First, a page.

My daughter is participating in National History Day at her middle school. This year's theme is: Debate and Diplomacy: Successes, Failures, and Consequences. The kids compete at the middle school and if they win they go on to a regional competition at the local college. If they win at that level, they then go to Denver to compete on the state level. If they win state, they go on to compete nationally in Washington D.C. My kids have made it to the state level, but never to the national level.
My daughter chose to debate the effects Barbie has had on our society. Feminists claim that Barbie has had a negative influence on young girls and their self-esteem, so my daughter wanted to research it.
As we've talked about it, I have to say that I think it's completely ridiculous to blame self-esteem issues on a doll. Umm, it's a doll. How can a doll have adverse effects on anyone? It's an inanimate object. I played with Barbies all the time. I even had one fashioned after Miss America that I thought was beautiful. I had all sorts of Barbies and I loved playing with them. I never wanted to be Barbie nor did I ever want to look like her because, well, she was a doll, and I'm a real person. I could easily differentiate between real and make-believe. I'd have to say that if a doll undermines your self-esteem, you have some serious issues brewing.
Eleanor Roosevelt said it best when it comes to self-esteem, "No one can make you feel inferior without your consent."
My daughter's teacher told her to research the feminist movement and see how it related to the Barbie controversy. My daughter asked me about the feminist movement and I was happy to give her my opinion. The feminist movement has been responsible for the degradation of women and is directly responsible for the murders of millions of innocent babies under the guise of women's rights.
Personally, I do not want to be the same as men. The moment women set out to become like men is the moment our society began to degrade. There was a time when men respected women. They opened doors, pulled out chairs, carried heavy packages, spoke in milder tones, protected the fairer sex, and held women in high regard. Now, that's all changed. Men don't respect women at all. Chivalry is mostly dead. Of course, there are those who are still taught to be chivalrous and to respect women, but they are few and far between. I think domestic violence is directly related to the loss of respect men have for women which is a direct result of the feminist movement.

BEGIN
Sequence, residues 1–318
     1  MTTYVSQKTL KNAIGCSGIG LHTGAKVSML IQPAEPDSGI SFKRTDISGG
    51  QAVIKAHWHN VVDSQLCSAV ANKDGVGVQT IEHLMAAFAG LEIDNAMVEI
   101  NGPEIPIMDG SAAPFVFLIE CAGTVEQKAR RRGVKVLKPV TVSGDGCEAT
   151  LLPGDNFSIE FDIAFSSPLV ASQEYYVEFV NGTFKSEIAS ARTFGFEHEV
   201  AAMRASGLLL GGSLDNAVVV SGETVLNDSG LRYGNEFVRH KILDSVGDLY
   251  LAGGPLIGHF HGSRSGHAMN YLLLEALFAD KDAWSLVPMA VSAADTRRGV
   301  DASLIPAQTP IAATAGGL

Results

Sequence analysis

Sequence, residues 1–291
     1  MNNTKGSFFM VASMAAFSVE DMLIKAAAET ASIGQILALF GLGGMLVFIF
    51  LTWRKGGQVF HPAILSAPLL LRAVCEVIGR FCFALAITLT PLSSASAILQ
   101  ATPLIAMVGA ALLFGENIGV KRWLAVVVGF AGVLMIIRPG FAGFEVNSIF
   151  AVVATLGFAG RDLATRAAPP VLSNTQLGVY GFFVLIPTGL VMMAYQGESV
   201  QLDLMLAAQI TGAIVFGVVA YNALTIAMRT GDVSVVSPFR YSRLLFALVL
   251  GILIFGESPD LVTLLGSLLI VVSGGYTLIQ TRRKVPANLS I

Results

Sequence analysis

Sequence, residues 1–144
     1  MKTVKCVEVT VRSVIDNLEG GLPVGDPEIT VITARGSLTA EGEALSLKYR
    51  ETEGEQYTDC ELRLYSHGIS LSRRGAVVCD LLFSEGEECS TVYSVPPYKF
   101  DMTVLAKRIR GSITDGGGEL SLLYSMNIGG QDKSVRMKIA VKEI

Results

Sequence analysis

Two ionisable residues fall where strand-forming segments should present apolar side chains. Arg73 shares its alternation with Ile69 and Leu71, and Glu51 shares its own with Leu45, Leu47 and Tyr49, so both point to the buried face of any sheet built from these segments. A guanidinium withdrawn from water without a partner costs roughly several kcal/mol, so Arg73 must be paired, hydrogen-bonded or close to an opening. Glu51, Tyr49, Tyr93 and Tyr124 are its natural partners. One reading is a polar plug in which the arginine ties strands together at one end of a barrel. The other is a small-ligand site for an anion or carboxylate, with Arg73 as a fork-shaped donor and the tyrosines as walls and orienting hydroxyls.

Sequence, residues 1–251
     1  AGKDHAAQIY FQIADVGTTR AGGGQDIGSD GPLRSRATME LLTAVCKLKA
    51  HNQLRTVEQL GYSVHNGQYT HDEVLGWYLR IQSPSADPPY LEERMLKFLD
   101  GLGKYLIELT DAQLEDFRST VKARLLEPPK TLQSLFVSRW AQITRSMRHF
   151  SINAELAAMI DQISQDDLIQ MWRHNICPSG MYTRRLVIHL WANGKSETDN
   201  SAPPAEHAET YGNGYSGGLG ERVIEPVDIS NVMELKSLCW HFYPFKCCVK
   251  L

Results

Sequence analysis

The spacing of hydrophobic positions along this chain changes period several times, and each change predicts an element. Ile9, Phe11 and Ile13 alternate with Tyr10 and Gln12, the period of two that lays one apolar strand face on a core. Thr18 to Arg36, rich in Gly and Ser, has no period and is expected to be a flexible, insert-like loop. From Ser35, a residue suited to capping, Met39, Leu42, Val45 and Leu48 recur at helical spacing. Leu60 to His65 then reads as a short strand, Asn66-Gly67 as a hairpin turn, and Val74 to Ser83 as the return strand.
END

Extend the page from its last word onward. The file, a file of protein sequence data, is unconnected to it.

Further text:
The feminists like to scream and yell for equality and what they miss is that we already are equal, but equal does not mean the same. My daughter's teacher claims the feminist movement gave women choices. What choices? The choice to seek a career instead of motherhood? Will all that money and prestige keep those women company when they're old and gray? Will the absence of a family really bring happiness? Of course, there's the choice to sleep around with whomever happens to be available, a choice that was once unacceptable. And there's the worst choice of all, killing a baby simply because it's inconvenient. The feminist movement has taught women to not only be selfish but also irresponsible.
The women's movement has done nothing to improve the lot of women and I'm ashamed of all those women who have tried to make me the same as a man. I'm proud to be a woman. I love being a woman. I love being a wife. I love being a mother. I resent the implication from feminists that somehow I'm not a real woman because I don't have some high-powered career and have chosen to stay home and do the most important job in the world: raising my children. My only regret is that I couldn't have 10 more kids.
And what does Barbie have to do with all of this? The feminists claim that Barbie has skewed the expectations of little girls. That girls who play with Barbies will grow up with a distorted sense of reality. Really? I say to the feminists look in the mirror for a distortion of reality.
The best part of the whole thing is that when I asked my daughter where she went for her research on feminism she replied, "I went to LDS.org because I figured that was the best place to find the truth about women." Yes!! I love that. She even wants to include a quote from The Proclamation about women's true roles. Color me a very proud mama.
Whether my daughter wins or not at school, she's already a winner in my book!
UPDATE: She won third place out of 30 entries and will be competing in the regionals.Yay!